Born in Newark, New Jersey on August 25, 1933, Wayne Shorter had his first great jazz epiphany as a teenager: “I remember seeing Lester Young when I was 15 years old. It was a Norman Granz Jazz at the Philharmonic show in Newark and he was late coming to the theater. Me and a couple of other guys were waiting out front of the Adams Theater and when he finally did show up, he had the pork pie hat and everything. So then we were trying to figure out how to get into the theater from the fire escape around the back. We eventually got into the mezzanine and saw that whole show — Stan Kenton and Dizzy Gillespie bands together on stage doing ‘Peanut Vendor,’ Charlie Parker with strings doing ‘Laura’ and stuff like that. And Russell Jacquet…Ilinois Jacquet. He was there doing his thing. That whole scene impressed me so much that I just decided, ‘Hey, man, let me get a clarinet.’ So I got one when I was 16, and that’s when I started music.
Switching to tenor saxophone, Shorter formed a teenage band in Newark called The Jazz Informers. While still in high school, Shorter participated in several cutting contests on Newark’s jazz scene, including one memorable encounter with sax great Sonny Stitt. He attended college at New York University while also soaking up the Manhattan jazz scene by frequenting popular nightspots like Birdland and Cafe Bohemia. Wayne worked his way through college by playing with the Nat Phipps orchestra. Upon graduating in 1956, he worked briefly with Johnny Eaton and his Princetonians, earning the nickname “The Newark Flash” for his speed and facility on the tenor saxophone.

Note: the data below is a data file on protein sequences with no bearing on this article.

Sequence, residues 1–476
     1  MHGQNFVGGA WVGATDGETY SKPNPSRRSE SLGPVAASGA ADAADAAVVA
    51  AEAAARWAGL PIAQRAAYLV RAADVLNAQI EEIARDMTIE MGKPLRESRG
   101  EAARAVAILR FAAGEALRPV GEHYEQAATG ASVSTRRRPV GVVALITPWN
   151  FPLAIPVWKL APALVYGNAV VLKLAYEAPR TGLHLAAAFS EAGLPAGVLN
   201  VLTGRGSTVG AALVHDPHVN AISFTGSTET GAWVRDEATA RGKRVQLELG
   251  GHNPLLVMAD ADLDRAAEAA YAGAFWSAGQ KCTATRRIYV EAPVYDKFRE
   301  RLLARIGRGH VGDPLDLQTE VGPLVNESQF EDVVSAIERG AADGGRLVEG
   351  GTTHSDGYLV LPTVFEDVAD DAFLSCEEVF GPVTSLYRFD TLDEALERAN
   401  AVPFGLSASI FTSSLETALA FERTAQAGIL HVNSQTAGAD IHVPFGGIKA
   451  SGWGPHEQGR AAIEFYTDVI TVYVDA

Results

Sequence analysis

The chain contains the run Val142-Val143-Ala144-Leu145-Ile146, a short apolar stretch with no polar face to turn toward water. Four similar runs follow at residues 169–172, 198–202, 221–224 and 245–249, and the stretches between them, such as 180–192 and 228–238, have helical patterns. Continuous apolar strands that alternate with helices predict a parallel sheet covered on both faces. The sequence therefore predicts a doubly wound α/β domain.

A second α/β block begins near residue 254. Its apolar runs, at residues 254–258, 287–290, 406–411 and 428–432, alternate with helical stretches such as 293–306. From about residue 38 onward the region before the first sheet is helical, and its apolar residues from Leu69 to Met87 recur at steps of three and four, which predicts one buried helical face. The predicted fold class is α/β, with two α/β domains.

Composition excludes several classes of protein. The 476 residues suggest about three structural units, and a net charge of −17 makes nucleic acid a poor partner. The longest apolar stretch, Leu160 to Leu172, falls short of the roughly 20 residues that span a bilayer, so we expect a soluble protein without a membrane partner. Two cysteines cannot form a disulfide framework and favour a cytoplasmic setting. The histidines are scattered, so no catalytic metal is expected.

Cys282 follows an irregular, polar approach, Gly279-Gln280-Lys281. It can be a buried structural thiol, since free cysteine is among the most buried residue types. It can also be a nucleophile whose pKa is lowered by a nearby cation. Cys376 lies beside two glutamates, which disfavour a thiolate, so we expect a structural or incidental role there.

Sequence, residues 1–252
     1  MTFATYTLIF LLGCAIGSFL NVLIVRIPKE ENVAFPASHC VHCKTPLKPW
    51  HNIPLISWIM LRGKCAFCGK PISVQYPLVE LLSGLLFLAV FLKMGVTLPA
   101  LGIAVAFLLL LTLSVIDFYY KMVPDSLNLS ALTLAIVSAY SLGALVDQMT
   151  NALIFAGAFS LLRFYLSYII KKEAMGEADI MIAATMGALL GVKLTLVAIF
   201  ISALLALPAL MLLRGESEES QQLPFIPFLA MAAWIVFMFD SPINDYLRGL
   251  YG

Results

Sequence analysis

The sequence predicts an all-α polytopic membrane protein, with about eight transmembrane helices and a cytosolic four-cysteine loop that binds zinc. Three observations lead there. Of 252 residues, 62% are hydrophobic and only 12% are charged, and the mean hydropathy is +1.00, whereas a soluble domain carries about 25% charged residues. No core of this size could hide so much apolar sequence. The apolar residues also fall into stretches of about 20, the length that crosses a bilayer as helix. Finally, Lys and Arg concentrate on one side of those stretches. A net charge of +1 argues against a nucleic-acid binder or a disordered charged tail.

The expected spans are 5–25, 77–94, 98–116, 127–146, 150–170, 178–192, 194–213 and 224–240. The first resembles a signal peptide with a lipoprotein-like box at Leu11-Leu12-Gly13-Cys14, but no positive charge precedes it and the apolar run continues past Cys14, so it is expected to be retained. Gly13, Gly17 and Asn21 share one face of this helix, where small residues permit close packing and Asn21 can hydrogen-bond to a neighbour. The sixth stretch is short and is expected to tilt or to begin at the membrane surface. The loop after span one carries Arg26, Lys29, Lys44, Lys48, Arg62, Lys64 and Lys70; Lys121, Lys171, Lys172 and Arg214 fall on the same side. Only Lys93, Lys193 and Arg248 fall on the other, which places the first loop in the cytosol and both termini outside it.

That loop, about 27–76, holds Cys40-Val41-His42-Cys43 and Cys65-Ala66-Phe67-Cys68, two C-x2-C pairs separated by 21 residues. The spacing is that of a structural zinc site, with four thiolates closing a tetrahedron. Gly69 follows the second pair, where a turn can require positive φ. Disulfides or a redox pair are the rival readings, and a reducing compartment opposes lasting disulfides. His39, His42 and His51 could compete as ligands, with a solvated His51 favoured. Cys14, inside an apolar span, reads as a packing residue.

Just as he was beginning making his mark, Shorter was drafted into the Army. “A week before I went into the Army I went to the Cafe Bohemia to hear music, I said, for the last time in my life. I was standing at the bar having a cognac and I had my draft notice in my back pocket. That’s when I met Max Roach. He said, ‘You’re the kid from Newark, huh? You’re The Flash.’ And he asked me to sit in. They were changing drummers throughout the night, so Max played drums, then Art Taylor, then Art Blakey. Oscar Pettiford was on cello. Jimmy Smith came in the door with his organ. He drove to the club with his organ in a hearse. And outside we heard that Miles was looking for somebody named Cannonball. And I’m saying to myself, ‘All this stuff is going on and I gotta go to the Army in about five days!’”